Compounds degradable in water, a proposal to end electronic waste

Brian Adam

Most electronic gadgets, when they reach their useful life cycle or simply, when they are replaced in preference to a new one, end up in the trash.

The generation and accumulation of these wastes is not a new problem. In search of a solution, a team of scientists developed a circuit compound that disintegrates with water.


Circuit compounds that dissolve submerged in water

In order to make the recycling of small electronic products easier, a research team from the American Chemical Society developed a nanocomposite based on two metals, for use in circuits. This material stands out for its ability to disintegrate when submerged in water.

Through an article in the publication ACS Applied Materials & Interfaces, the researchers presented their proposal and reported that in their tests, they managed to dissolve in 40 hours the circuits of the prototype of a smartwatch, created specifically for this purpose. The image attached to this article shows the watch in its initial state in the upper half and its degraded state in the lower part.

Although the recycling of damaged parts and the reuse of particular compounds from a discarded gadget is possible, this alternative focuses on another edge of the problem. The rescue of these components requires manual intervention, piece by piece and device by device, a condition that in many cases makes this initiative unapproachable, given the volume of electronic waste that usually circulates.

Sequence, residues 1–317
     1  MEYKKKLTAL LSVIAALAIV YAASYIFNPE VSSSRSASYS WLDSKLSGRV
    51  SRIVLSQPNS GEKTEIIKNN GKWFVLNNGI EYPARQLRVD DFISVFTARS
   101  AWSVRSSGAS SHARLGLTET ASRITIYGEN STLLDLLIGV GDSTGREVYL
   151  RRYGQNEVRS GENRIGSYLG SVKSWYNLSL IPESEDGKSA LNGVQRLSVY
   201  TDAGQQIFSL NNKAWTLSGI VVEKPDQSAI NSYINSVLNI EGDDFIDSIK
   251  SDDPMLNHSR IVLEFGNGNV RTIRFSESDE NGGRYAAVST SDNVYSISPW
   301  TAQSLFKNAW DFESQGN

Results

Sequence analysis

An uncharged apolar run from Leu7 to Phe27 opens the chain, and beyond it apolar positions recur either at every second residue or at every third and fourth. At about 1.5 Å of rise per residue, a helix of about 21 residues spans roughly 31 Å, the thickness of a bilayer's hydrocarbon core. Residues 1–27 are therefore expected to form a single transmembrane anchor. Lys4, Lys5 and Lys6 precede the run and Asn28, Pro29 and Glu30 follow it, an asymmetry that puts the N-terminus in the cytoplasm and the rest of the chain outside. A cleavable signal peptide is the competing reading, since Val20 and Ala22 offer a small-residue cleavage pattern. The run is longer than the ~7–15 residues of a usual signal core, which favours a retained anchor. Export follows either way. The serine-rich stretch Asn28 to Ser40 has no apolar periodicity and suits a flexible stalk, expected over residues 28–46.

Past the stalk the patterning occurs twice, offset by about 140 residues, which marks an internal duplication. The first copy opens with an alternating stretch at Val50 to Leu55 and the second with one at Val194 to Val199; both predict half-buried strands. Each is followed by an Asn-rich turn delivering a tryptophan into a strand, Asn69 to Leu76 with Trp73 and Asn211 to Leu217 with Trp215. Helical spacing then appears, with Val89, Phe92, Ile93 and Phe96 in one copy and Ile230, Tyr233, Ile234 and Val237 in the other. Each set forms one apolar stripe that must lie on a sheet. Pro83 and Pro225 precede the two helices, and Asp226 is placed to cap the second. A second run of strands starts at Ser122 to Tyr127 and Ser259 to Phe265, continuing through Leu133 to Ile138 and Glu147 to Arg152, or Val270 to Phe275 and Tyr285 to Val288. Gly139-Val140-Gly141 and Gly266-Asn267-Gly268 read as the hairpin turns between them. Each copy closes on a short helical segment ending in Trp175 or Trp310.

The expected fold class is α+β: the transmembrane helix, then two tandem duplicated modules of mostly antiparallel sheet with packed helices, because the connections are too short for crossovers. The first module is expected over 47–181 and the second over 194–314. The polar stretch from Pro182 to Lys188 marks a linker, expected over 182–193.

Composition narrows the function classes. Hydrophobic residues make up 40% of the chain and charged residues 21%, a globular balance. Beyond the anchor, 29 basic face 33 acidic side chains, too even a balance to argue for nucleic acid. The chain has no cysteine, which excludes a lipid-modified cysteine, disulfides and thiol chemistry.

To arrive at the presented proposal, the same research team, led by Xian Huang, developed a zinc-based nanocomposite for use in temporary circuits, soluble in water, but without the ability to conduct the adequate amount of energy for electrical devices. Consumer electronics.


In this new stage, the researchers modified the zinc-based nanocomposite, adding silver nanowires to it, which ensured a high potential for energy conduction. Then, they silk-screened the metallic solution on pieces of vinyl alcohol (also called poly), a polymer that degrades in water, and made the circuits solid with the application of small drops of water, which facilitate chemical reactions and then evaporate.

Under this premise, the team made a functional smartwatch, with a heart rate, blood oxygen and pedometer, with Bluetooth connectivity. Its multiple circuit boards were printed with this nanocomposite, inside a 3D printed poly box.

According to the team’s reports, during the tests carried out the outer area of ​​the watch withstood the sweat without complications, but once the entire device was completely submerged in the water, both the outer polymer case and the internal circuits dissolved. completely, after 40 hours.

The researchers suggest that the two-metal nanocomposite they presented may be useful for the production of transient-use devices, with performance that matches that of commercial models.